Programming Puzzles & Code Golf Stack Exchange is a question and answer site for programming puzzle enthusiasts and code golfers. Join them; it only takes a minute:

Sign up
Here's how it works:
  1. Anybody can ask a question
  2. Anybody can answer
  3. The best answers are voted up and rise to the top

What is the shortest way to check if two or more variables are equal to 0 in JavaScript?

I'm curious to know if there's something shorter than if(!x&&!y&&!z){...}.

share|improve this question
This might be better suited for StackOverflow or CodeReview. – Kyle Kanos Jun 6 '14 at 13:04
If you want the shortest solution in bytes in order to improve golfing down this particular snippet, I think this is well on-topic here (not as a challenge, but as a question asking for golfing advice). If you want the fastest solution, this should rather go in Code Review (and no one prevents you from posting both separately). But the shortest solution will not necessarily be the fastest solution. So what is it you want? – Martin Ender Jun 6 '14 at 13:10
wouldn't !(x|y|z) work? – Danny Jun 6 '14 at 13:12
Questions on this site should either the contests or asking for tips participating in those contests. Do yourself a favor and don't use any code you find on this site in "the real world", unless you understand exactly what it does. Also, in general, you have to decide between the shortest and the fastest solution. – Dennis Jun 6 '14 at 13:26
Seeing my answer was apparently what you were looking for, I took the liberty to edit your question to make it more on-topic (and justify my subsequent reopen vote). Feel free to edit the question again if you don't agree with my changes. As stated before, for help with efficiency, try StackOverflow or Code Review. – Martin Ender Jun 6 '14 at 13:39
up vote 21 down vote accepted

(EDIT: This first part refers to the original phrasing of the question.)

First, (!x&&!y&&!z) returns a boolean, which makes ?true:false entirely redundant. It's basically like using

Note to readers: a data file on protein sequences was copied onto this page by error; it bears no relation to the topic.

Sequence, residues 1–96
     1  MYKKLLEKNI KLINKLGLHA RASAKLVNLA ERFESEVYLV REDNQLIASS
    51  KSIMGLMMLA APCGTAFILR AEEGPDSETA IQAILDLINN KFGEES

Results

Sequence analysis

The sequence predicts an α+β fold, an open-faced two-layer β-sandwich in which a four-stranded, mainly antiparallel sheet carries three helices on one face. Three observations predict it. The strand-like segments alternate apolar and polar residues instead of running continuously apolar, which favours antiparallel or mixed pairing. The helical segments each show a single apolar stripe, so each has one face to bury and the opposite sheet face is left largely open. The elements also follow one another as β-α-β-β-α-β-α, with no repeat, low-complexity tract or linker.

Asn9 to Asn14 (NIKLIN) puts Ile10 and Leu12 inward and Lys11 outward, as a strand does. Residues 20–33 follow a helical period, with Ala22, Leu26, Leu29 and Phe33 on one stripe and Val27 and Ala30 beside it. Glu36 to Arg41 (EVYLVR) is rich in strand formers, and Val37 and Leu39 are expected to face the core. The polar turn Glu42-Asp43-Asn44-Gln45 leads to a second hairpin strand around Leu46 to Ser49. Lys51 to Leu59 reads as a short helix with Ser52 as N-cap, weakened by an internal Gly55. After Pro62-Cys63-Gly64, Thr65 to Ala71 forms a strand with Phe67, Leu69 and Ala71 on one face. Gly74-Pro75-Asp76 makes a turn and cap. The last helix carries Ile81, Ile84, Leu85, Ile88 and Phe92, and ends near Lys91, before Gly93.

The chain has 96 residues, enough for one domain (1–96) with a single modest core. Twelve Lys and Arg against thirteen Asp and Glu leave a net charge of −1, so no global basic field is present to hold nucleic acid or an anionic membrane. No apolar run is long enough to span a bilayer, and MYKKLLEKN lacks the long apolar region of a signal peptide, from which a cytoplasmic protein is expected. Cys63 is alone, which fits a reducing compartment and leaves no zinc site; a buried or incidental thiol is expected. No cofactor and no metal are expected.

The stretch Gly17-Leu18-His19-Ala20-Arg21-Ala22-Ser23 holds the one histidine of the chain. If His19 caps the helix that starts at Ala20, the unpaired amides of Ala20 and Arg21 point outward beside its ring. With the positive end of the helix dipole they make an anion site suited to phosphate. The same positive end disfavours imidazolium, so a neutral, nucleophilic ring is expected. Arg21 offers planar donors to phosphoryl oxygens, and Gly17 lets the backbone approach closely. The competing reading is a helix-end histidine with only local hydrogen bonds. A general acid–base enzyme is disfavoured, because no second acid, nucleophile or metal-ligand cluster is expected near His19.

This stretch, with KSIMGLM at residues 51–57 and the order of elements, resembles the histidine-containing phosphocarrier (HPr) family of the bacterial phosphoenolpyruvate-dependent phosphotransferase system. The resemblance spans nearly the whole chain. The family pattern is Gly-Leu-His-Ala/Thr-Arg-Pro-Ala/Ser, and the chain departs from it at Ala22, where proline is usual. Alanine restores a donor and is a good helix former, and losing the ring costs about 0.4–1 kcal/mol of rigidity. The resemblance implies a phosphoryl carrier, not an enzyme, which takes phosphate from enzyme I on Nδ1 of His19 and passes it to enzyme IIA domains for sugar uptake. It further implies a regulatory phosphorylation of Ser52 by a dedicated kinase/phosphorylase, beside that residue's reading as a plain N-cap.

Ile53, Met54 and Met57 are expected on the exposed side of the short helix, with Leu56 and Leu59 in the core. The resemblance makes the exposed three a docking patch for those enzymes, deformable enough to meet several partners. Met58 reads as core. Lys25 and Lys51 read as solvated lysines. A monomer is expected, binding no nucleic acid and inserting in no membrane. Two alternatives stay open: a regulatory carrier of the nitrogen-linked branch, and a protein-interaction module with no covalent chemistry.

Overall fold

if (x == true)
  return true;
else if (x == false)
  return false;

instead of return x;.

That gives you


(EDIT: The remainder still applies to the new version of the question.)

Now you could apply De Morgan's law. The above is equivalent to


Which is the same length for 3 variables and longer for 2 variables. But for each variable beyond the third, you save one more character!

Lastly, if you know that your variables are numbers, you can also use the bitwise operator, i.e.


If you actually need booleans (which I assume from your snippet), this doesn't work for the & case, because !x&!y&!z will give you an integer. Then again, in JavaScript it's often enough to have truthy or falsy values, in which case, that's a perfectly valid option.

Bonus tip: if you ever want to turn a truthy/falsy value (like a non-zero/zero number) into a boolean, don't use x?true:false either, but use !!x instead. !x is a boolean with the opposite truthiness/falsiness than x, so !!x is true for x truthy and false for x falsy.

share|improve this answer
Very insightful! I appreciate you exploring several possibilities, despite the nature of the question being somewhat vague and potentially misinterpretable. – purefusion Jun 6 '14 at 13:40

Just an addendum.

In the special case where the block contains just a procedure call, you can replace



share|improve this answer
This idiom is important in other contexts. – Joshua Dec 26 '14 at 1:12

This function is obviously not the shortest until you have a lot of numbers to check (the poster did say "or more"). It verifies that all arguments are equal to zero.

function AllZero() {
    var args =;
    return Math.min.apply(Math,args) === Math.max.apply(Math,args);

If you push a different number in the args.push(x) line, it will check that all of the arguments are equal to that number.

share|improve this answer
Why would you recommend this instead of a simple loop? Also AllZero('', '', '') – nderscore Jun 7 '14 at 0:15

Your Answer


By posting your answer, you agree to the privacy policy and terms of service.

Not the answer you're looking for? Browse other questions tagged or ask your own question.